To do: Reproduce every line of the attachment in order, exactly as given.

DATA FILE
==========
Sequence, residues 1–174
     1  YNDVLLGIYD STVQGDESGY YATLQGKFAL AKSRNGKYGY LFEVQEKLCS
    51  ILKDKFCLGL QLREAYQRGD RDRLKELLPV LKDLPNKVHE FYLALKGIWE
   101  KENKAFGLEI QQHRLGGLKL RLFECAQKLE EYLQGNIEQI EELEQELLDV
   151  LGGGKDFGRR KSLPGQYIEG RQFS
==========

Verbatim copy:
Sequence, residues 1–174
     1  YNDVLLGIYD STVQGDESGY YATLQGKFAL AKSRNGKYGY LFEVQEKLCS
    51  ILKDKFCLGL QLREAYQRGD RDRLKELLPV LKDLPNKVHE FYLALKGIWE
   101  KENKAFGLEI QQHRLGGLKL RLFECAQKLE EYLQGNIEQI EELEQELLDV
   151  LGGGKDFGRR KSLPGQYIEG RQFS